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White House threatens veto of Kline student loan bill

WASHINGTON — There is a little bit of overlap between student loan interest rate reform proposals from Minnesota Rep. John Kline and President Obama, but not enough for the latter to sign the former's into law.

The White House threatened to veto Kline's interest rate bill on Wednesday, a day before the House is set it take it up. Kline's bill would align student loan interest rates with the cost of federal borrowing, plus a couple of points. It's similar to a plan Obama proposed last month, only the rates are set a bit higher, they vary from year to year, and Kline's bill doesn't fund additional college affordability efforts Obama supports.

According to the White House's formal "Statement of Administration Policy":

While the Administration welcomes action by the House on this issue, H.R. 1911 is the wrong approach. First, the bill would not guarantee low rates for today's students. A rate that continues to vary after the loan has already been taken out would create uncertainty and lessen transparency for students and their families who are making decisions about borrowing for college. Second, the bill's changes would impose the largest interest rate increases on low‑ and middle‑income students and families who struggle most to afford a college education. Third, the bill does not include the President's proposal to extend repayment options to borrowers who have already left school and often face the same debt burdens as current and future students. Finally, the Administration believes that student loan interest rates should not be raised to reduce the deficit.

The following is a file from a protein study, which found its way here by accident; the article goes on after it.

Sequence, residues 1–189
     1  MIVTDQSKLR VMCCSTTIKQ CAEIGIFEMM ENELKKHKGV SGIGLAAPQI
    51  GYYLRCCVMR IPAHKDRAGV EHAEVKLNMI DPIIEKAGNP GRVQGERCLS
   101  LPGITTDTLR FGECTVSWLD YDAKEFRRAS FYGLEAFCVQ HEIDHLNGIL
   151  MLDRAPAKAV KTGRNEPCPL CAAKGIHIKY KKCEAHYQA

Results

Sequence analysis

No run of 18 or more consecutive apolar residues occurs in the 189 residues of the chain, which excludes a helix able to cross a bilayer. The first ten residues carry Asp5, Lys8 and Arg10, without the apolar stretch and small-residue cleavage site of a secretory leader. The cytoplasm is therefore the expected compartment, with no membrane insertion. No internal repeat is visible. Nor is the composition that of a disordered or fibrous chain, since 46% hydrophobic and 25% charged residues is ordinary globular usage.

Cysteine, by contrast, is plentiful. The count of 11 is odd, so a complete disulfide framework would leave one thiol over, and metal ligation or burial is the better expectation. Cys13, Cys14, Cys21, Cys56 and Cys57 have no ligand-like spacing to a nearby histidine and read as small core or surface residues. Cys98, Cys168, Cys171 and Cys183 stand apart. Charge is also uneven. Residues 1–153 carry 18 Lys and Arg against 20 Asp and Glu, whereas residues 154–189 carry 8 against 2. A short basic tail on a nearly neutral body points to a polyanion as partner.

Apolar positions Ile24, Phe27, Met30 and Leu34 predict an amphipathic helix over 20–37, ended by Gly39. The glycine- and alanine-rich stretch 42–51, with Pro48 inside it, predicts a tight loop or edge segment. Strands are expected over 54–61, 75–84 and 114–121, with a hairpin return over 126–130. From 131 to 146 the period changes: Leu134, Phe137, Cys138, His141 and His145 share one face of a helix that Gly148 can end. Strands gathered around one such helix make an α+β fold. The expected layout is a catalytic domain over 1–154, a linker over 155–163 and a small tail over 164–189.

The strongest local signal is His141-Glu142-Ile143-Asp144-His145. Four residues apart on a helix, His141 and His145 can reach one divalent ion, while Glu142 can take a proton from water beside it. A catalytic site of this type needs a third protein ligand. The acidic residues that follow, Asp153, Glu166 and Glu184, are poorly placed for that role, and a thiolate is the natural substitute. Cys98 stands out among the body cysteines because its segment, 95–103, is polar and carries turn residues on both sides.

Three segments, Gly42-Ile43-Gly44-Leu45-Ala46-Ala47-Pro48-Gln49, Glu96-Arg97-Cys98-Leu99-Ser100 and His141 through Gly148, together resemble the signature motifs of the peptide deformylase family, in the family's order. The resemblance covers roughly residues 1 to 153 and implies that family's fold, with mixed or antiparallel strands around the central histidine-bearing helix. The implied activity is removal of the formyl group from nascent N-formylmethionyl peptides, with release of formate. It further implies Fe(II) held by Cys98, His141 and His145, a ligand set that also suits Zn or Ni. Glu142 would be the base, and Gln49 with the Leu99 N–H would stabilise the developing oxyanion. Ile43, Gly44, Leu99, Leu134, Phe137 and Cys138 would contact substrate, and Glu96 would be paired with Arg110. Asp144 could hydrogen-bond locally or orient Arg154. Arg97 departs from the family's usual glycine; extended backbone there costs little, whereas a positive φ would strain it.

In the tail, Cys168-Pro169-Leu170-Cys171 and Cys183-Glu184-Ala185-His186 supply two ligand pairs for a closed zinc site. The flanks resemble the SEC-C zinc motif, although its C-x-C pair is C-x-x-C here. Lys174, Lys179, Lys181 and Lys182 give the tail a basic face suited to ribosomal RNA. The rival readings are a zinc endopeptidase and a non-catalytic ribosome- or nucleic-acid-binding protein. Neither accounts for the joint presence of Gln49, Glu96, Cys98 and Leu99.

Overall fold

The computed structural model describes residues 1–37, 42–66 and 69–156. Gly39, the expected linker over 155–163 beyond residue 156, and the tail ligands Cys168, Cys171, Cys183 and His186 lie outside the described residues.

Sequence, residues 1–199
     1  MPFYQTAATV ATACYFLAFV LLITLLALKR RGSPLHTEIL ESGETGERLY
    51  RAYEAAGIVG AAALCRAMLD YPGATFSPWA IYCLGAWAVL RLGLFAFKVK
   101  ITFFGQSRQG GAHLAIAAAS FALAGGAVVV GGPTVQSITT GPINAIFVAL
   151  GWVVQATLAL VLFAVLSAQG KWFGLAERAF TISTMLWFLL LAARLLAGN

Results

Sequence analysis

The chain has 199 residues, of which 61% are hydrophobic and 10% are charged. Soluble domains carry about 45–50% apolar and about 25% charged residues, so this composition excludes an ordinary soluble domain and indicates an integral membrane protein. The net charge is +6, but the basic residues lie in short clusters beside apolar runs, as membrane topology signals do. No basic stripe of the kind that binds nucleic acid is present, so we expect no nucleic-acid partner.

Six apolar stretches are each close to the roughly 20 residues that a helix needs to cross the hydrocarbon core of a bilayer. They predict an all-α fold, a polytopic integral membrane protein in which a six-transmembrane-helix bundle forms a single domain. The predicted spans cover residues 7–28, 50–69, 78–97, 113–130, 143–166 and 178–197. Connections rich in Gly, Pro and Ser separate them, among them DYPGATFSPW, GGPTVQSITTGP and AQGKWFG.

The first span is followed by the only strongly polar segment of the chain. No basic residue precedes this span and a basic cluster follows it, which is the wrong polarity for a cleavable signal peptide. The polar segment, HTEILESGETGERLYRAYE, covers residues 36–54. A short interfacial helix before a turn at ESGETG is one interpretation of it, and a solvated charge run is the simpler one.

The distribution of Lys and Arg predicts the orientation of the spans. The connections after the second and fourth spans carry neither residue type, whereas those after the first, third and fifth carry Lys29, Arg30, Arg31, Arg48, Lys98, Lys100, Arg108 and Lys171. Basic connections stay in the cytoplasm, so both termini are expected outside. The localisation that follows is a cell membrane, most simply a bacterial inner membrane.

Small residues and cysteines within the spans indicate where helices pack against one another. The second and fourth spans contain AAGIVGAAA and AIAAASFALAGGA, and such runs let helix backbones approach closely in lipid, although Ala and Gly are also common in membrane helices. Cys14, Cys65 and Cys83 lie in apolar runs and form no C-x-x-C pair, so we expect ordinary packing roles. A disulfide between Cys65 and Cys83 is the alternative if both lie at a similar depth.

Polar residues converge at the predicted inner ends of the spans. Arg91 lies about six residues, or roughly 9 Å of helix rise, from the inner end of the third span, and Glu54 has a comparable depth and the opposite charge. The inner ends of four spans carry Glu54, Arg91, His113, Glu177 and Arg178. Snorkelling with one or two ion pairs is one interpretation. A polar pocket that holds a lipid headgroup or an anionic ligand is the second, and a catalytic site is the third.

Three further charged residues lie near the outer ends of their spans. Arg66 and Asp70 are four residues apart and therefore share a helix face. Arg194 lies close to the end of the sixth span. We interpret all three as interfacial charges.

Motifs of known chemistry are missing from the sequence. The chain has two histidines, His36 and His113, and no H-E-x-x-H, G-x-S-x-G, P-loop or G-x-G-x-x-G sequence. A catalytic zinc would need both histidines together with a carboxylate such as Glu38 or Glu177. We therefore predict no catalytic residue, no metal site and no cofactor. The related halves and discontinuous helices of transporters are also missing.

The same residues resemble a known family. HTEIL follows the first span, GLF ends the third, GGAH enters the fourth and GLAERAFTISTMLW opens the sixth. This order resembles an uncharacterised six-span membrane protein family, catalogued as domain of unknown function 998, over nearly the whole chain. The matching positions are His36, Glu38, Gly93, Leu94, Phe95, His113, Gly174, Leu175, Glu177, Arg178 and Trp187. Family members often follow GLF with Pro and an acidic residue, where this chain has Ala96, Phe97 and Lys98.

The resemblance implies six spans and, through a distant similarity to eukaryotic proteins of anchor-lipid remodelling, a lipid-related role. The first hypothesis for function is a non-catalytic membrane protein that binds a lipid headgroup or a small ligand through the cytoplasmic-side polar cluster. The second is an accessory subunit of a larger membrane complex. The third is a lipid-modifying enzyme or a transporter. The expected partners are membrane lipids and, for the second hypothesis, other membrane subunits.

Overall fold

The White House said advisers would recommend an Obama veto if the bill passed "in its current form," which implies room for compromise.

Congress has until July 1 to pass a student loan interest rate fix, since interest rates on federal subsidized loans are set to double that day. Many congressional Democrats want to extend the current rates for two years, delaying long-term reform until 2015.

Update, 4:25: Kline responded in a statement, saying: "Today’s announcement proves the president would rather pick a partisan fight with Congress instead of work in good faith on a bipartisan solution. The president’s unfortunate position does not alter our intent to advance the bill through the legislative process or our resolve to develop a long-term solution that both the House and the president can support."

Devin Henry can be reached at dhenry@minnpost.com.

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